It’s no secret that North America is amongst the global leaders in meat consumption. In 2016, the United States topped the list of meat consumption per person sorted by country, with the average American consuming around 97 kg of meat per year. America's northern neighbor Canada also found itself amongst the list's leaders (8th place), with the average Canadian consuming around 70kg of meat annually.
In addition to traditional meats, recent technological advances and social movements towards more sustainable food sources have pushed the development of plant-based meat products forward. The plant-based meat market was valued at USD $3.3 billion in 2019, and is expected to grow annually at a rate of 19.4% through 2027.
So why all the talk about meat consumption? While we do appreciate a juicy steak or a freshly-grilled burger here at IEF, we’re more concerned about the technology that these meat and meat-alternatives are packaged in. In this Product Spotlight, we’re taking a closer look at a key component of one of the most common forms of fresh and frozen meat packaging: Tray Overwrap.
A Full Menu of Features
Tray overwrap film is just as its name suggests – film that wraps over a tray. If you took a look at your local grocery store's meat section, odds are you’ll find several examples. These protein packages may seem similar in appearance, but in reality, there are a variety of different formats and components that determine each package’s ideal properties. The overwrap film can be sealed to the top or bottom of the accompanying tray, depending on the desired packaging application and properties. Sealing characteristics vary from sealant type, seal strength, and performance under different circumstances.
Tray overwrap films typically have very high clarity properties, as most meat producers want to highlight the visual aspects of their products. However, certain products may require more of a protective light-barrier, so you’ll often find tray overwrap films that are frosted or made with semi-transparent one-color print. When it comes to nutrition information and branding, you’ll often find tray overwrap packages with attached printed labels. Alternatively, overwrap films can be directly printed on to display the same information, the choice comes down to the producer’s preference.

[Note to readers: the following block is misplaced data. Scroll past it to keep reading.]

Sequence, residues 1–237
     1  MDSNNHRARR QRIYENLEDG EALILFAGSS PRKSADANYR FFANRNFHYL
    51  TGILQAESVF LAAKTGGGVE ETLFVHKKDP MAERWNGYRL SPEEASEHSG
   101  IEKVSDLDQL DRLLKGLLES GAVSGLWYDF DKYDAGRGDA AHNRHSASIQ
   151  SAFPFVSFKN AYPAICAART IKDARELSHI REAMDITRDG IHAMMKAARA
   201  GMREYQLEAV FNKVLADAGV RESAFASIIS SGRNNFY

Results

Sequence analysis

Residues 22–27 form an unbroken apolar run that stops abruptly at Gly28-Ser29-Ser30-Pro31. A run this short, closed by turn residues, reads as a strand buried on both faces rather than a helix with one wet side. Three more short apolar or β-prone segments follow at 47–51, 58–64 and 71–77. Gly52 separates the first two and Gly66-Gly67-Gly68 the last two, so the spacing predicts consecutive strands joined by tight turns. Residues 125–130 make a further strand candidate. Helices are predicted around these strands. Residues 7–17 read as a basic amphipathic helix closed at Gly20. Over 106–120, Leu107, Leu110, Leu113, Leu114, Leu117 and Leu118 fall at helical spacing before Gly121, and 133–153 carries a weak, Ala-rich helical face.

When it comes to the technical properties of these films, there’s much more to consider. Depending on the product, producers must consider the different levels of barrier protection needed from oxygen/gasses, light, heat, moisture, oil, and more. For example, beef has two main reactions when exposed to oxygen. At first, the oxygen will turn the beef a bright red color due to its reaction with the protein myoglobin. This is usually a sign of fresh beef, and consumers associate this bright red color with a quality product. However, after further oxygen exposure, the beef will then start turning a grayish-brown color. While this doesn’t necessarily mean the product has spoiled, many consumers will be turned away from the discoloration. Finding the right balance of oxygen protection is a key concern when determining the right tray overwrap film application for your product.
Another area of focus is in the physical structure and strength of the film. Puncture and tear resistance need to be taken into account, as producers must consider the film strength needed to secure their product, while allowing for their consumers to efficiently open and access the final package. Depending on the shape of the protein, the producer may prefer their customers to tear open the overwrap film horizontally and have strong resistance vertically, or vice versa.
The variety of details needed to be considered can definitely feel overwhelming. However, IEF’s technical experts can work with you directly to help determine the ideal film properties for your next product. Technical director Steve Brzostowicz discussed this topic during our Food Packaging Virtual Expo, check it out!
To learn more about how IEF can engineer a film for your next meat packaging project, click here.